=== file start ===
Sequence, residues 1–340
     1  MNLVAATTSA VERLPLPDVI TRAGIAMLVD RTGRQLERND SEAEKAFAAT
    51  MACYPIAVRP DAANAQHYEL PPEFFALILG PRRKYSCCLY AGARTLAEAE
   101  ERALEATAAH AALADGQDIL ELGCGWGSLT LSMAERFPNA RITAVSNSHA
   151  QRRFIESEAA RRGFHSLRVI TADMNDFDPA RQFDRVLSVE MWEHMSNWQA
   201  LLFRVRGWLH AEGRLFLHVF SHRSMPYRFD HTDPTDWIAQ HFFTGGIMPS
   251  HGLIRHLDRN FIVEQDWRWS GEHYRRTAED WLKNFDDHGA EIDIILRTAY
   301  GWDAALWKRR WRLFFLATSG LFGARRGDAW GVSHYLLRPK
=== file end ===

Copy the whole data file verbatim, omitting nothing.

Sequence, residues 1–340
     1  MNLVAATTSA VERLPLPDVI TRAGIAMLVD RTGRQLERND SEAEKAFAAT
    51  MACYPIAVRP DAANAQHYEL PPEFFALILG PRRKYSCCLY AGARTLAEAE
   101  ERALEATAAH AALADGQDIL ELGCGWGSLT LSMAERFPNA RITAVSNSHA
   151  QRRFIESEAA RRGFHSLRVI TADMNDFDPA RQFDRVLSVE MWEHMSNWQA
   201  LLFRVRGWLH AEGRLFLHVF SHRSMPYRFD HTDPTDWIAQ HFFTGGIMPS
   251  HGLIRHLDRN FIVEQDWRWS GEHYRRTAED WLKNFDDHGA EIDIILRTAY
   301  GWDAALWKRR WRLFFLATSG LFGARRGDAW GVSHYLLRPK